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Written by: Laura Torninoja
In the Nordics we like our sweets, well… not so sweet. Salty liquorice is liquorice flavoured with ammonium chloride which makes it pack more of a punch and – like the name suggests – gives it a distinctively salty flavour. Now, it’s definitely an acquired taste, but something that’s so embedded into our culture that you just *have* to try them.
Start by asking locals what’s the best type of salty liquorice for beginners and cross your fingers that they won’t try to troll you – there’s salty liquorice and then there’s salty liquorice. As much as I love to see the faces people make when I give them Turkish Peber’s (salty liquorice with black pepper), it’s probably best to start with the milder variety if you really want to get into the stuff!
Fika is Swedish and means ‘to take coffee’ or ‘coffee break’, although there’s no direct translation and it is practiced across the Nordic countries.
We Nordic people *love* a coffee break – in fact, Finland has the highest consumption of coffee in the world, a whopping 12 kilos per person per year!
It’s a great excuse to sit down for a while with friends or family and just chat about whatever’s in your mind and forget about the weight of the world for a while. I’d go so far as to say that it was a kind of mindfulness practice before that was ever a thing!
The most important part of the tradition of having a coffee break is to ACTUALLY have a break. You can’t do fika by having takeaway coffee – the whole point is to slow down.
So, find a lovely coffee shop, order your beverage of choice (it doesn’t actually *have* to be coffee), grab a cinnamon bun and take some well-deserved time for yourself!
Best coffee shops in Helsinki, Finland:
If you do one thing, make it this. You’ll be hard pressed to find a better way to make memories than spending a summer holiday in the Nordic countries (the further north you go, the lighter the nights get, too). They might not be the hottest of summers (that said, there is a heatwave here and is it known to have happened!), but there’s a lot of magic to them.
And, even better, if you go all the way to Lapland, you’ll be able to witness a natural phenomenon called the Midnight Sun which means that the sun never sets and is completely visible at midnight. In northernmost Finland the sun doesn’t set for 60 days during the summer, and in Svalbard, Norway, the sun stays constantly visible from late April to late August!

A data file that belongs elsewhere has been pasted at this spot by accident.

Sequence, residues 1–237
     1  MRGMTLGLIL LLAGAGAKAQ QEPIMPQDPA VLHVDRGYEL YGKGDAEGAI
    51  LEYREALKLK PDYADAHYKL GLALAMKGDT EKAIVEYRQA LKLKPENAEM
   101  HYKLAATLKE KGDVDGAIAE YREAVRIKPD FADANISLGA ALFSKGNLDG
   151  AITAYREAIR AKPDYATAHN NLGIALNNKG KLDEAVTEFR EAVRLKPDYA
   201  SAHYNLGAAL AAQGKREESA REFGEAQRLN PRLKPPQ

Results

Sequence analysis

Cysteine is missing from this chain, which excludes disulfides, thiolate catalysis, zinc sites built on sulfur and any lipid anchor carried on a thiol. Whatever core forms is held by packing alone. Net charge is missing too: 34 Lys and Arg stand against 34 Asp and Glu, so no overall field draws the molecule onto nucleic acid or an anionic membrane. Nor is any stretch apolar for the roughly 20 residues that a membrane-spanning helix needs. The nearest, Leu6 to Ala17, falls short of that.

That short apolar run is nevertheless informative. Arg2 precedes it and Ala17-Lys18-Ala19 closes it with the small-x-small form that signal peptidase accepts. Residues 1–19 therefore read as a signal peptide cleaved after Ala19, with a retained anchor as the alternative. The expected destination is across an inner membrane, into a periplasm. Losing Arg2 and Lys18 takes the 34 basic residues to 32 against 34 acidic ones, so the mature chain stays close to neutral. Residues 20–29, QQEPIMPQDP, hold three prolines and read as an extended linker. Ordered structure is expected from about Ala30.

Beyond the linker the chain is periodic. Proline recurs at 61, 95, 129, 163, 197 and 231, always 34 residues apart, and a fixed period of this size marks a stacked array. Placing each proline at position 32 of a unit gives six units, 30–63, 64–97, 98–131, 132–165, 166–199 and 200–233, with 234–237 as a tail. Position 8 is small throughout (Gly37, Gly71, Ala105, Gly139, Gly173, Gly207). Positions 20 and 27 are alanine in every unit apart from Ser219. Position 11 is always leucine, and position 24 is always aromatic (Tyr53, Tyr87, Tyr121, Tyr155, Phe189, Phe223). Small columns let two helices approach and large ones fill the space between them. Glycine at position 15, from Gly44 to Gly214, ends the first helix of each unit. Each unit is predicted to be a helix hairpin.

There’s lots of untouched nature in the Nordic countries, from the hundreds of thousands of lakes in Finland and the fjords in Norway to the gorgeous coastline in Denmark and the many forests in Sweden (53% of the land is covered in forest!). Whilst there are a lot of similarities between the countries (especially in Lapland where Norway, Sweden, and Finland all share a border), there are also lots of country-specific wonders, like Iceland’s hot springs.
Spending time outside is a big part of everyday life in the Nordics – no matter if it’s winter or summer. “There’s no such thing as bad weather – only bad clothing” is a popular saying.
Amazing summer activities could be, for example, swimming (in lakes, the sea, rivers – you name it, we’ve got it) or hiking. Winter sports are extremely popular too, of course, from skiing to snowboarding. You might remember that Norway got a whopping 39 medals in the latest winter Olympics!
More specific examples on what you could expect do in each country are:
The sauna as we know it originates from Finland, and it’s still a weekly tradition for many families in the country. For Finns, going into a sauna can almost be a spiritual experience – it rids you of all your stress and brings in a moment of calmness and peace. It’s hard to explain the feeling without going into the sauna yourself, which is why I would always urge anyone who has the opportunity to have this experience for themselves!
Real Finnish saunas will all have a stove (kiuas) with hot stones, which you throw water on to create a rise of steam into the room. A lot of saunas abroad don’t have this, which makes them less effective and a lot milder. If you can, you should also combine your sauna experience with a swim in the lake or the sea (in the summer) or a roll in the snow (in the winter) – there’s nothing more refreshing!
So take your pick from one of the many magical activities and scenery dotted around the Nordics. One thing is for sure, you will not be disappointed!!!
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